Code Review Skills for Pythonistas - Nina Zakharenko - EuroPython
Presented at EuroPython 2018
As teams and projects grow, code review becomes increasingly important to support the maintainability of complex codebases. In this talk, I’ll cover guidelines for writing consistent python code beyond pep8, how to look out for common python gotchas, and what python tools are available to automate various parts of the review process. Most importantly, I’ll cover the human aspect of code reviews - how we can be better at approaching reviews with empathy and understanding from the perspective of both a reviewer and a submitter. Following these successful code review practices will lead to happier teams and healthier code bases.
This talk is useful for python developers with any amount of experience. No prerequisite knowledge is necessary. - For those who are just starting out, it will be a great general overview. - Intermediate developers may not know about the wide variety of tooling that’s available. - Advanced developers will learn techniques for performing code reviews with empathy.
This talk will enable you to have better code reviews on your teams at work, and a better approach to code reviews in open source projects. You’ll leave with 3 main takeaways: 1. Code Reviews are most effective when conducted with empathy. If you do reviews with growth and learning in mind, they become tools for sharing knowledge instead of an opportunity to bruise egos or show off esoteric knowledge. 2. Python has powerful tooling available for code reviews such as pep8 as a style guide, pylint as a linter, coverage.py to identify test coverage, and vulture to identify dead code. 3. That python style guides beyond pep8 have clear benefits in terms of producing more consistent code that’s easier to review and easier to maintain.
FIND BUGS & DESIGN FLAWS
> Design flaws & bugs can be identified
and remedied before the code is
> Case Studies on Review5
> ➡ bug rate by 80%
> productivity by 15%
THE GOAL IS TO FIND
BUGS BEFORE YOUR
SHARED OWNERSHIP & KNOWLEDGE
> We’re in this together
> No developer is the only expert
New Yorker: Can Andy Byford Save the Subways?
> Your code isn’t yours, it belongs
to your company
> Code should fit your company’s
expectations and style (not your
> Reviews should encourage
consistency for code longevity
CODE REVIEWS NEED TO BE UNIVERSAL &
> Doesn’t matter how senior / junior
> Only senior devs reviewing ==
> Inequality breeds dissatisfaction
> Distinguishes personal taste from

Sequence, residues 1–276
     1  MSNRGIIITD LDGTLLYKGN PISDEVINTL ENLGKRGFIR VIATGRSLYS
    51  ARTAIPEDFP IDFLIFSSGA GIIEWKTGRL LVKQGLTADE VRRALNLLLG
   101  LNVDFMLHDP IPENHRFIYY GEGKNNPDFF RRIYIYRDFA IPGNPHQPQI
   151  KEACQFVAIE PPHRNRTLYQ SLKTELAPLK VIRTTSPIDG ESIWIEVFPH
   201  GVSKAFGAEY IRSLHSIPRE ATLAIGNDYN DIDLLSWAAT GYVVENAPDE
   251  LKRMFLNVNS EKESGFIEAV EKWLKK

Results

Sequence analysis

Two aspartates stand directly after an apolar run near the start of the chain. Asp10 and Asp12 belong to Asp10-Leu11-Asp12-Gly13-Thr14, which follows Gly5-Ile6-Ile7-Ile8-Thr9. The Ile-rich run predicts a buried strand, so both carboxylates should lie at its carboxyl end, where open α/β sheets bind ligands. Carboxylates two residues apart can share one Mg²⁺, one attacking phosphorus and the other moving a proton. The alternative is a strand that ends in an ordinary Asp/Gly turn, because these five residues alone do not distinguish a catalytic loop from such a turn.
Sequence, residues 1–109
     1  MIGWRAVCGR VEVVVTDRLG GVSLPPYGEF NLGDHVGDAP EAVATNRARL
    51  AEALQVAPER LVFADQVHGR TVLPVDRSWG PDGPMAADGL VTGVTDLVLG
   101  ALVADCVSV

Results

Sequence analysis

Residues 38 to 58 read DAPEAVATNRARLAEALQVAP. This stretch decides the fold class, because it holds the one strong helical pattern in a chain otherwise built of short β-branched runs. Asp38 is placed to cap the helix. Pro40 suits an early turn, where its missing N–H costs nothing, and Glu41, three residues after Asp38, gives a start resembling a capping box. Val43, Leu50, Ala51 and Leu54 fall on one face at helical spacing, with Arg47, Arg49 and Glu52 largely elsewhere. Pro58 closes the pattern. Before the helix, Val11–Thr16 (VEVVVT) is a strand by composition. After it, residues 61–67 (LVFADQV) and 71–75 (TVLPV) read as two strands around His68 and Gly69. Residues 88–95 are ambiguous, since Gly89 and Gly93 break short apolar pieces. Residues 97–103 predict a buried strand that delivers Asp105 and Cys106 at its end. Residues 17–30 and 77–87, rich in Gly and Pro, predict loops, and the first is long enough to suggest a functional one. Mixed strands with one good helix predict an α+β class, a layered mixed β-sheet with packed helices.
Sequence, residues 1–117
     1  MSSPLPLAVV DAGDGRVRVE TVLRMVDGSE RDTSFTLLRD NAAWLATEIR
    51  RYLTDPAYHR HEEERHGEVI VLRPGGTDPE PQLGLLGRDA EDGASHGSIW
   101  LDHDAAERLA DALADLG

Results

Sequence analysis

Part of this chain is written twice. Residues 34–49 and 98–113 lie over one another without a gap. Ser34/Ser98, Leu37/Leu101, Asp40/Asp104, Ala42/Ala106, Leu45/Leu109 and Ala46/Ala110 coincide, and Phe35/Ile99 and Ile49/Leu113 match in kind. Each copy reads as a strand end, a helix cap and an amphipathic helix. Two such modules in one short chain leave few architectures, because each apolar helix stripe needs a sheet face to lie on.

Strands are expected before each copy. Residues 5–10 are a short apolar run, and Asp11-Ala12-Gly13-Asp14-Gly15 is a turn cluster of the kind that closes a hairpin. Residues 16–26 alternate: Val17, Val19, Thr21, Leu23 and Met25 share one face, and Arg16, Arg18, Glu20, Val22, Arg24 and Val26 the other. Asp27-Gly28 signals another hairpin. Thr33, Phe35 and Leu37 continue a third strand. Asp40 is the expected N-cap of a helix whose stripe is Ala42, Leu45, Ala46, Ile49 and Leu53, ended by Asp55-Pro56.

> Should be agreed upon beforehand
> Go beyond PEP8
> See: Google's pyguide.md or plone
PROVIDE CONTEXT (THE WHY)
> What was the motivation for
submitting this code?
> Link to the underlying ticket/issue
> Document why the change was needed
> For larger PRs, provide a changelog
> Point out any side-effects
YOU ARE THE
> Review your code with the same level of
detail you would give giving reviews.
> Anticipate problem areas.
THE PRIMARY REVIEWER
> Make sure your code works, and is
> Don’t rely on others to catch your
WHEN CODE IS ALMOST DONE
> Feedback to expect:
> Nit Picks
> Variable Names
> Documentation & Comments
> Small Optimizations
ONE REVIEW PER PR
> Solving multiple problems? Break
them up into multiple PRs for ease
> Solved an unrelated problem? Make
a new PR with a separate diff
PREVENT REVIEWER BURNOUT
> Reviews lose value when they’re
more than 500 lines of code1
> Keep them small & relevant
> If a big PR is unavoidable, give
the reviewer extra time
DON’T BE A PERFECTIONIST
> For big issues, don’t let perfect
get in the way of perfectly
> Prioritize what’s important to
> Usually 90% there is good enough.
IT’S OK TO NIT-PICK
> Syntax Issues
> Spelling Errors
> Poor Variable Names
> Missing corner-cases
> Specify: Are your nitpicks blocking merge?
Save the nit-picks for last, after any pressing
architecture, design, or other large scale issues
have been addressed.
Don't burn out. Studies show reviewer should look at
200-400 lines of code at a time for maximum impact2
Limit reviews to 400 lines in 60 mins
to maximize effectiveness3
NEWBIES> Not everyone has experience being
> Remember what it felt like when
you introduced the process.
> Ease into it!
ONBOARDING> The first submitted PR is the hardest
> The first review done is challenging too
> Start by reading recently completed reviews
> First code review should be small
> Share the style guide
EVERYONE’S A REVIEWER
> Junior devs start by doing pair-
reviews with a more experienced
> Use it as a mentorship
HIRING SENIOR ENGINEERS IS HARD.
YOU CAN HIRE JUNIOR ENGINEERS,
AND GROW THEM
INTO FUNCTIONAL PRODUCTIVE PARTS OF
- SASHA LAUNDY
IF YOU’RE NOT DOING CODE REVIEWS,
YOU’RE MISSING A BIG OPPORTUNITY.
REMEMBER...> Allocate the time
> Develop, don’t force the process
> Not one size fits all
> Or a one stop fix
> Use in addition to tests, QA, etc for
I'VE BECOME A MUCH BETTER PROGRAMMER
BY PARTICIPATING IN CODE REVIEWS
(Additional resources on
RESOURCES & ADDITIONAL READING
> Microsoft Study on Effective Code Review
> Code Reviews: Just do it
> Code Project - Code Review Guidelines
> Great Example Checklist
> Best Practices for Code Review
> Rebecca's Rules for Constructive Code Review
> My Big Fat Scary Pull Request
> The Gentle Art of Patch Review - Sage Sharp
> Watch: Raymond Hettinger - Beyond PEP8
EXAMPLE STYLE GUIDES
Google has many good, but strict style guides
Doesn't matter which one you use.
Pick one and stick with it.